Last updated on July 2nd, 2019 at 09:20 pm
The Water Council is pulling back on plans to expand to a second building after not finding enough tenants in need of larger amounts of space.
A development group including The Water Council and HKS Holdings LLC, a Milwaukee-based real estate development firm, had planned to renovate a 46,000-square-foot warehouse at 326-332 Florida St. to create Global Water Center II.
Dean Amhaus, president and chief executive officer of The Water Council, said leases had been secured for almost 50 percent of the building, but the organization was having trouble finding tenants to occupy larger portions of the building.
“We were finding that we were getting more interest from the small-, medium-sized companies,” he said, indicating that many were looking for 1,000 or 1,500 square feet and more tenants in search of 5,000- or 6,000-square-foot spaces were needed.
Amhaus said The Water Council faced a decision of whether to drag out the search for tenants or attempt to accomplish some of the features planned for the new facility in the original Global Water Center building at 247 W. Freshwater Way.
The Water Council board voted Friday to go with the latter. Amhaus said that might mean the planned Oasis co-working space could include eight desks instead of the 40 originally planned.
The decision also leaves the Florida Street building with an uncertain future. The Water Council partnered with HKS to purchase the building in 2015 and Amhaus said The Water Council has a 25 percent stake in the building.
“We are not going to go further with it,” he said, suggesting it would be up to HKS to either buy out The Water Council or seek other buyers for the property.
Representatives from HKS did not immediately respond to requests for comment.
The project also had the support of a $750,000 grant from the Wisconsin Economic Development Corp. Amhaus said The Water Council hadn’t formally accepted the money and would be able to withdraw the proposal from the agency.
“We are aware of the council’s decision to not move forward with development of Global Water Center II and instead focus on other ways to advance the state’s water technology sector, including continuing to attract world-class companies to Reed Street Yards,” WEDC spokesman Mark Maley said in a statement. “In March 2016, WEDC supported the development of Global Water Center II with a $750,000 Targeted Industry Promotion grant that would have helped subsidize office space leases for eligible water technology companies. None of that funding has been dispersed and we expect to receive formal notification soon from the council seeking to terminate the award.”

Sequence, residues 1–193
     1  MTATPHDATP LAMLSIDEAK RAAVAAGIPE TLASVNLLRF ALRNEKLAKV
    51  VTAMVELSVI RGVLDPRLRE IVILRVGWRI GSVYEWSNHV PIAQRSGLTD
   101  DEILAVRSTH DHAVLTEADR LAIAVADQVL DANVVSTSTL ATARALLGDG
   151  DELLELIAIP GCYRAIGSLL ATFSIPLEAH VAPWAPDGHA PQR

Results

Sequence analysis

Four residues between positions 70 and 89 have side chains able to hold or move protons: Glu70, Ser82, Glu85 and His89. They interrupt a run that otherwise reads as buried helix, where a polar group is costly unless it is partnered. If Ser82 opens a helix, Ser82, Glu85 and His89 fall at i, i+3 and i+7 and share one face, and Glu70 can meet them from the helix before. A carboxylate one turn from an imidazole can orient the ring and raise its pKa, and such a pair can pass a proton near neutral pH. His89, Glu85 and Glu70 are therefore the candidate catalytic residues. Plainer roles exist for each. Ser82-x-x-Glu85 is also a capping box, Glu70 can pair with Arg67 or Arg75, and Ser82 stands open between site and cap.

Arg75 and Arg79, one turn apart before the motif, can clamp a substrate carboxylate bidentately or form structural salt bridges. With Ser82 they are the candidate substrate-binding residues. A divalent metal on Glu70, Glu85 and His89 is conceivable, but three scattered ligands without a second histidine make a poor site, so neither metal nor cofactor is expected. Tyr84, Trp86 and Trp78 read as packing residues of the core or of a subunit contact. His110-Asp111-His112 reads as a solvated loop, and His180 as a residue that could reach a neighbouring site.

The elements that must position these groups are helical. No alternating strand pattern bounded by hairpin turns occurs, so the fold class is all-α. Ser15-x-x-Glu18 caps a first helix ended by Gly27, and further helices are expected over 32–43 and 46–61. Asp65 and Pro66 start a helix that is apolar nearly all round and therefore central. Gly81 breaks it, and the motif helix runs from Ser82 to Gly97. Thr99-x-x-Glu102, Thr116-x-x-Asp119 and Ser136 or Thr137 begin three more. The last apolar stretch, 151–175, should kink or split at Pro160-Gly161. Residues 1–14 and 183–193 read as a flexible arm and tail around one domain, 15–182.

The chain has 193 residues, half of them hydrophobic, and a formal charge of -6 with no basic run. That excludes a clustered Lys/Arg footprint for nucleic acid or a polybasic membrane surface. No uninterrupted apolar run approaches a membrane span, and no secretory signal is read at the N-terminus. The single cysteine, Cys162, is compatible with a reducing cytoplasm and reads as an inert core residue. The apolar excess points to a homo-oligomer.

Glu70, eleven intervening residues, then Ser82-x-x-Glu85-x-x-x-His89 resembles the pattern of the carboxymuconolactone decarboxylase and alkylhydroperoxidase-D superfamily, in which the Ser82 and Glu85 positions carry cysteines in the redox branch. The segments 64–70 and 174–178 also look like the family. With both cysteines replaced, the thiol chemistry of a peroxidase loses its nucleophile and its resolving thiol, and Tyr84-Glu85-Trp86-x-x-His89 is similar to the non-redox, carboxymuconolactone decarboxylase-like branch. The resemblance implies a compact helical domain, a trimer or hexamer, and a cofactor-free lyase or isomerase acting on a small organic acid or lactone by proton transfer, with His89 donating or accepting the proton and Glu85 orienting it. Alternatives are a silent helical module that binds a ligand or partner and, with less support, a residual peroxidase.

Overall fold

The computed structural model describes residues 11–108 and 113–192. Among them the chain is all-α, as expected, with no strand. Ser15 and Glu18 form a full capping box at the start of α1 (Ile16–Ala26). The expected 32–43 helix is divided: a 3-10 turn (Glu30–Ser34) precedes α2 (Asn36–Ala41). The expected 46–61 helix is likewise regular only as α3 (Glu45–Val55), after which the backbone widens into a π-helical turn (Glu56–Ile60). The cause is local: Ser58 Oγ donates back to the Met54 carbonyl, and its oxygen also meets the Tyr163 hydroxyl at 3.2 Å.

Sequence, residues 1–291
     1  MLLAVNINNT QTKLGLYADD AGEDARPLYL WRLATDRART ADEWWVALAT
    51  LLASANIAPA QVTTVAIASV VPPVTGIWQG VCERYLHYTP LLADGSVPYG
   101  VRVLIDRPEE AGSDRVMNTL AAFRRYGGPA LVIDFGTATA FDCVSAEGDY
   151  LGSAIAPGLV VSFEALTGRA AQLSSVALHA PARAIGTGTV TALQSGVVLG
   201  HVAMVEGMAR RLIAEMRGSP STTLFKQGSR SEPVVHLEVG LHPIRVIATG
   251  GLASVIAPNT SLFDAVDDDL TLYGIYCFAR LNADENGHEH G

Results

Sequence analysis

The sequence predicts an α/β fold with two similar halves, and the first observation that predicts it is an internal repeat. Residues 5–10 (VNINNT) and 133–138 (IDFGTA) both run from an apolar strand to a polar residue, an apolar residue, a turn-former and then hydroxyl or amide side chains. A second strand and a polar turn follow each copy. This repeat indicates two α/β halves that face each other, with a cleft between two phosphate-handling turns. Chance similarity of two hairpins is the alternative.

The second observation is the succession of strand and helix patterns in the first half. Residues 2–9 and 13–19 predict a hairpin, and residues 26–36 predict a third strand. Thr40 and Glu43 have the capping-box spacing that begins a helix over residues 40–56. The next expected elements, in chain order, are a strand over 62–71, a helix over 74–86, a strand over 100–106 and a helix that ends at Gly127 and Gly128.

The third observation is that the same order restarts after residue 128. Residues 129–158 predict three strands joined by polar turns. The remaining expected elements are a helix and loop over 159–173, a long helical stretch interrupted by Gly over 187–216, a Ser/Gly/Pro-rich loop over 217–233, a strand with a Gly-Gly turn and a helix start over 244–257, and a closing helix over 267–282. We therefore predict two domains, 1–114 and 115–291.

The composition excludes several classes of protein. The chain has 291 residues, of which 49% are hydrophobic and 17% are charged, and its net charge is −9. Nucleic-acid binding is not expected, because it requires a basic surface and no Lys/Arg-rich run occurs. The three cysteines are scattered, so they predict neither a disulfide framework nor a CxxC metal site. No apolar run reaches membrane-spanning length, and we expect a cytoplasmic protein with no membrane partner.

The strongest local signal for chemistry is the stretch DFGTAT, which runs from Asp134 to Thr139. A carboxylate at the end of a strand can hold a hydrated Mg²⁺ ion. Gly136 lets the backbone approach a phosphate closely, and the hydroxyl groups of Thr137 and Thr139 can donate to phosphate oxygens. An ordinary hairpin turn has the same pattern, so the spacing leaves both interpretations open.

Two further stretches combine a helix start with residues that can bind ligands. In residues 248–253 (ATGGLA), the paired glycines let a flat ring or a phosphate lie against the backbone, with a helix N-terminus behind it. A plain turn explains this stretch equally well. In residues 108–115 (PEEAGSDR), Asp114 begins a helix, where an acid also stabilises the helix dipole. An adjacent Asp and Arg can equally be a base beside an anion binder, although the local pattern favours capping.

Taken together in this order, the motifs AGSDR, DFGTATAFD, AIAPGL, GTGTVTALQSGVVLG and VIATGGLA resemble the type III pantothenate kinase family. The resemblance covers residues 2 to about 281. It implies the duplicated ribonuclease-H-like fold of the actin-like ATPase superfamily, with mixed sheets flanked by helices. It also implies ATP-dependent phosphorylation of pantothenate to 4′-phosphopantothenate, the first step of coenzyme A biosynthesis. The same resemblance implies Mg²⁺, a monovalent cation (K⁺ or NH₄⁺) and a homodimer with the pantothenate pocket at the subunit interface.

The decision to not pursue a second building is certainly a setback for an organization that has grown steadily in recent years. Amhaus said The Water Council is still planning to move forward with efforts to foster commercialization of federal research and if anything, the decision will allow more resources to be focused on those plans and the original Global Water Center.
Part of the challenge in finding tenants for the new building was that many of the graduates of The Water Council’s Brew startup accelerator have outgrown the space they used in the original building but aren’t yet large enough to command the larger spaces needing occupants in the Florida Street building, Amhaus said.
Amhaus said there are some area companies he would have liked to attract to the new building, but when it comes to attracting national or international tenants, those organizations are primarily interested in smaller spaces.